Certain political ecology case studies work excellently as inspiration for dungeon ecology. Human beings and our mixed motivations are endlessly interesting—porting these real-life examples over to the monstrous factions of a dungeon is a fun exercise and can yield very interesting results at the table.
Yeh et al. (2014) wrote a paper about Tibetan yak herders and the change in lifestyle they experience due to policies put in place by the Chinese communist government. In their traditional lifestyle, the yak herders had the power to react to snowstorms. Herders shared rangeland and therefore were able to transport their yaks from one area to another in anticipation of bad snowstorms. Chinese government policies subdivided land and forced families to keep their yaks only in certain areas. This meant that they were not able to move their herds into safer areas when snowstorms arrived. Furthermore, the government subsidized things like heated shelters and blankets for the herders to keep their yaks warm. But these subsidies were not followed up with additional support, meaning the heaters often broke and there weren't enough blankets. As climate change impacts have increased, the ability of yak herders to deal with the effects (i.e. snowstorms) has decreased—due to government policies.
At its core, this paper tells us that misaligned government control has prevented people from reacting to dangerous environmental effects.
This analysis of the political ecology of Tibetan yak herders can easily be ported over to the dungeon. Here are three ideas I came up with, each subsequent one taking another level of abstraction away from the original point:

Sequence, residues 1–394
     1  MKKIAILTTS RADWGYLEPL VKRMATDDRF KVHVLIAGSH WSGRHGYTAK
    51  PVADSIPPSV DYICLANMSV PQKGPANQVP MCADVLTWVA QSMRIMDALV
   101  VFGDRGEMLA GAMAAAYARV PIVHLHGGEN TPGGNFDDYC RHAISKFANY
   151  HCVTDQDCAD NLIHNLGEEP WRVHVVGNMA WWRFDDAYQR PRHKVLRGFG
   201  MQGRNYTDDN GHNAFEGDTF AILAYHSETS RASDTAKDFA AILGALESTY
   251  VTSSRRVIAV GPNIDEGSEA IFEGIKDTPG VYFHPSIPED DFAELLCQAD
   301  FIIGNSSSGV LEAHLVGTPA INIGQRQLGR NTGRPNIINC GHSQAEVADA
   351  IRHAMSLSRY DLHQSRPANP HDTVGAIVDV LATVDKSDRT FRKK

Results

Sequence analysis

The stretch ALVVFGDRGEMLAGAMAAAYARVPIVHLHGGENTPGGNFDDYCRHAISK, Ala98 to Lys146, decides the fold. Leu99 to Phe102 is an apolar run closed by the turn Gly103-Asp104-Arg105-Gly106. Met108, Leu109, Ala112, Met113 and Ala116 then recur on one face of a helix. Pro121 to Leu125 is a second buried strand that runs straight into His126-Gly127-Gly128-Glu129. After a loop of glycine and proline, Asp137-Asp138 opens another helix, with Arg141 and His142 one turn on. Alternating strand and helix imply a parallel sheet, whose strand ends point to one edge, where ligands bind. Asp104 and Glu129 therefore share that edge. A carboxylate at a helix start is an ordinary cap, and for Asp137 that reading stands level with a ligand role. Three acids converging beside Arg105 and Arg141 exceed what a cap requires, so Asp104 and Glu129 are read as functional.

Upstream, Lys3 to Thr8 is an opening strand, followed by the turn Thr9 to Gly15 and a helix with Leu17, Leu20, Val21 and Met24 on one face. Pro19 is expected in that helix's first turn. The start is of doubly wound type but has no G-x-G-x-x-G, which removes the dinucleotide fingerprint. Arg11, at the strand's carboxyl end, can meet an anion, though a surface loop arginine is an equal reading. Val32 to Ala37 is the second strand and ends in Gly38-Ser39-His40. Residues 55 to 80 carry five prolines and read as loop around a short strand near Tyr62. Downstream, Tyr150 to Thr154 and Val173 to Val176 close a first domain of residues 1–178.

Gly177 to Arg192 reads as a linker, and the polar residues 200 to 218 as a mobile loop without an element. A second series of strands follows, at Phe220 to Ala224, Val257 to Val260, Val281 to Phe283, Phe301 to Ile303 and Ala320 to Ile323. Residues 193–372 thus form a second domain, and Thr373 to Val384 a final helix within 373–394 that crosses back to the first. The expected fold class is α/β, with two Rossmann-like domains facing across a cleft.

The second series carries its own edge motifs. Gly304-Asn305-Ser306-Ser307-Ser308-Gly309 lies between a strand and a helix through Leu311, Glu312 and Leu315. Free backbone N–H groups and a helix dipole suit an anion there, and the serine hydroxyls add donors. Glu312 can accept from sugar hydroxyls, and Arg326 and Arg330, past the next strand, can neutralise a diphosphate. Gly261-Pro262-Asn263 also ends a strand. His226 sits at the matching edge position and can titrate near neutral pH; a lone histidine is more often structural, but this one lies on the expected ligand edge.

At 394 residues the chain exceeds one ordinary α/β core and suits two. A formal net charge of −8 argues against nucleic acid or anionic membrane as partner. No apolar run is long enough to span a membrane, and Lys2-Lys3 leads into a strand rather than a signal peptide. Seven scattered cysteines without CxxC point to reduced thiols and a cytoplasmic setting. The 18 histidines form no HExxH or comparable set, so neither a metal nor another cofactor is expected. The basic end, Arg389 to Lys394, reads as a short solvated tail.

- A snowy mountain is home to a tribe of yak-herding stone giants. An enormous dragon has taken residence in the caves at the peak. Using the threat of violence, the dragon has taken control of a considerable area, including all the family clans of the stone giants. In order to keep them cowed in fear, the dragon orders each family to stay on one slope of the mountain. This means that the stone giants are unable to move their herds from slope to slope in order to avoid snowstorms. The dragon, of course, is safe in her cave, and cares not for the troubles of the giants. This is an excellent starting point for some adventurers who hear of legendary treasure in the dragon's hoard—they can ally with the giants, travel under cover of snowstorm, or be the heroes who save the day.
- There is an ancient tomb in the desert—preserved for a thousand years by the dry air. Shifting sandstorms have revealed a new entranceway, and nomadic scorpion folk have entered seeking shelter. They unwittingly broke an ancient seal, unleashing a curse upon their people that prevents them from warning each other of danger. The curse can only be broken by an artefact held in the skeletal hands of the ancient tomb dweller, who lays at rest in the deepest portion of the tomb.
- One deep level of a megadungeon has thick humid air and warm water dripping from the ceiling and walls. Thin corridors and low rooms are home to row upon row of steel cages, full of creatures of all kinds, each throwing themselves at the bars and shrieking for help. The lord of this level is a steam demon, belching warm wet air and imprisoning intelligent beings for fun. With movement restricted, the prisoners are at the mercy of the hot geysers which erupt from cracks in the walls. Once a prisoner has been boiled alive by enough geyser hits, the steam demon consumes their flesh.
Other political ecology analyses can be ported into dungeon concepts. The deforestation of Mexico to fuel silver mines by colonial Spain. The change in Amazonian soil when indigenous agricultural practices are banned. Shoddy wetland construction in the United States incentivized by slapdash policies about replacing destroyed wetlands with new ones.
Any other ideas?
Robbins, Paul. Political Ecology: A Critical Introduction (second edition), 2010.
Yeh, Emily T., et al. Tibetan Pastoralists’ Vulnerability to Climate Change: A Political
Ecology Analysis of Snowstorm Coping Capacity.; Human Ecology, vol. 42, no. 1, 2014,